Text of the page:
If we plot the Q1+Q4 scaled lacunarity index against composite Q1+Q4 percent deviation for different window sizes, we can obtain spatio-temporal patterns that captures some essential elements of the landcover dynamics (Fig. 5, Fig. 6, Fig. 7). In each landscape, there is (1) quasi-periodicity evident in the spatial arrangement of backscattering, (2) more definite cyclicity with larger sampling area, and (3) clearly anomalous positions for the late 1993 acquisitions. These anomalies likely arise from an extreme drought that struck the Pantanal during the later half of 1993. How do we interpret these trajectories? Note that deviations increase as scaled lacunarity decreases with increasing sampling window area. This pattern indicates persistent aggregates in the extreme quartiles, which correspond to forested patches for Q4 and open water or wetlands for Q1. Large range in deviation values (e.g., Fig. 5) indicates a lot of spatial rearrangement, suggesting dramatic shifts in the backscattering characteristics of large patches. Finally, are these trajectories statistically significant? This is subtle question because: (1) lacunarity index values were derived from exhaustive and non-independent sampling of the image; (2) the index is based on the first two moments of the sampling distribution weighted for mass; (3) the index does not have, as yet, analytically defined moments; (4) permutation tests would be prohibitively expensive. More significant is the question of whether these trajectories are representative of landscape dynamics from an inter-annual perspective; only additional image series can provide an answer to this question of baselines.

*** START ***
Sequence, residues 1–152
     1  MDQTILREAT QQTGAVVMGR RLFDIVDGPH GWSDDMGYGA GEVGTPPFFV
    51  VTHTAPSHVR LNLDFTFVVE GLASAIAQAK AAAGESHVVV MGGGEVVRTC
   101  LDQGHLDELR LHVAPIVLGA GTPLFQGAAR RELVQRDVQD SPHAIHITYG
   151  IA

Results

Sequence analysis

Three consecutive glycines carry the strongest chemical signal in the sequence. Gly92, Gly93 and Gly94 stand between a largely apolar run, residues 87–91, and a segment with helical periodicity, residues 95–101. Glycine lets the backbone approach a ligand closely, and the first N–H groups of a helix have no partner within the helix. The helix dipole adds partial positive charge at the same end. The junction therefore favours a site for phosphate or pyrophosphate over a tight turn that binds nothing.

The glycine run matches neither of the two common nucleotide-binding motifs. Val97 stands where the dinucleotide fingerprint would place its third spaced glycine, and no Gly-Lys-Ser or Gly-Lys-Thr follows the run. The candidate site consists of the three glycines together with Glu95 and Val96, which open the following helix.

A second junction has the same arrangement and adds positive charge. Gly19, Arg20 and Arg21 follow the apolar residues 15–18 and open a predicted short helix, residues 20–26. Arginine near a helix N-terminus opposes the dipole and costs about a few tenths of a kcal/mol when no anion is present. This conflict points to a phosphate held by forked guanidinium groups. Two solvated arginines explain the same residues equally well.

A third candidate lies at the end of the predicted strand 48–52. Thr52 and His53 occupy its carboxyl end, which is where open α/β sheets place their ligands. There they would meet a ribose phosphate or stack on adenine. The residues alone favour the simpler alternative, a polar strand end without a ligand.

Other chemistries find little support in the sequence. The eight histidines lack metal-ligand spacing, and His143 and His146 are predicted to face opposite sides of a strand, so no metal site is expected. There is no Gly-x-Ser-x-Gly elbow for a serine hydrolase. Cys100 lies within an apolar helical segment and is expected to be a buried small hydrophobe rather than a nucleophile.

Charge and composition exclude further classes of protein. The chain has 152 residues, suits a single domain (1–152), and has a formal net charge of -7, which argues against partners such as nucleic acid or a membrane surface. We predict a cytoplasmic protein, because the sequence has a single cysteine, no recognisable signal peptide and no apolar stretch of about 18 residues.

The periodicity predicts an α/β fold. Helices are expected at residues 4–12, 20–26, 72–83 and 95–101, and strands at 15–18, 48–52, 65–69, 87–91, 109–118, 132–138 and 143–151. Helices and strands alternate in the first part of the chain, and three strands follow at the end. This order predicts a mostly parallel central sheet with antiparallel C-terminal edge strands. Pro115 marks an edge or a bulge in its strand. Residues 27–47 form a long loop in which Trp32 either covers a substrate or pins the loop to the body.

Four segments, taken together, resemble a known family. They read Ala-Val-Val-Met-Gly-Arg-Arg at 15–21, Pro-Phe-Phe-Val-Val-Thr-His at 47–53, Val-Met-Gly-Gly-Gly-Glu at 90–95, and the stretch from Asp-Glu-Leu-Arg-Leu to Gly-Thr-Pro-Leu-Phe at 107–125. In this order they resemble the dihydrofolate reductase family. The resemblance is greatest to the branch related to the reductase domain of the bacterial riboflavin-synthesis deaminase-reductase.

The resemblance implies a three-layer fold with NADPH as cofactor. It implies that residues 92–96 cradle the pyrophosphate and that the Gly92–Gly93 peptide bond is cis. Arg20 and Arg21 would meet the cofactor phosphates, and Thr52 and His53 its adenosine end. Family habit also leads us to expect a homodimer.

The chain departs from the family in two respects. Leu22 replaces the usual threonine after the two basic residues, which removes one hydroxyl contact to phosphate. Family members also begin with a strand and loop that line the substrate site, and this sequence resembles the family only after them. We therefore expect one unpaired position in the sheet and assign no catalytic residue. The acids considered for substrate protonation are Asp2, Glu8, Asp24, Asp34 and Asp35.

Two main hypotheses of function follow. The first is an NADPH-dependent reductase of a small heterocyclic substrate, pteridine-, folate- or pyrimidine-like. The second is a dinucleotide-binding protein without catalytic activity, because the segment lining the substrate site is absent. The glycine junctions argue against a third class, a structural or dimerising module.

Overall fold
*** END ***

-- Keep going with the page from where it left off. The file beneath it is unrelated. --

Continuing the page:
Figure 5: Landscape trajectory for flooded wetland. Lacunarity metrics calculated for 1st and 4th quartiles. Number labels indicate month of image acquistion. Observation sequence in months is 12/92-2/93-5-6-8-9-11/93. 
Figure 6: Landscape trajectory for lake mosaic. Lacunarity metrics calculated for 1st and 4th quartiles. Number labels indicate month of image acquistion. Observation sequence in months is 12/92-2/93-5-6-8-9-11/93. 
Figure 7: Landscape trajectory for riparian forest. Lacunarity metrics calculated for 1st and 4th quartiles. Number labels indicate month of image acquistion. Observation sequence in months is 12/92-2/93-5-6-8-9-11/93. 


The spatio-temporal patterns revealed in this study are provocative but not yet conclusive. We have illustrated the utility in extracting spatio-temporal patterns for environmental monitoring, specifically, for definition of nominal behavior and assessment of disturbance impacts. Our long term goal is the predictive modeling of landcover dynamics using landscape trajectories extracted from image time series derived from multiple sensors.


G.M.H. acknowledges support from NSF grant DEB-9696229 and a Fulbright Senior Research Fellowship at INPE during 1993-94. H.J.H.K. acknowledges ESA for support from an ERS-1 Pilot Project. Both authors acknowledge further support from ESA for an ERS-2 follow-on project. The ERS-1 SAR data were processed by and acquired through INPE.


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Keywords: ESA European Space Agency - Agence spatiale europeenne, observation de la terre, earth observation, satellite remote sensing, teledetection, geophysique, altimetrie, radar, chimique atmospherique, geophysics, altimetry, radar, atmospheric chemistry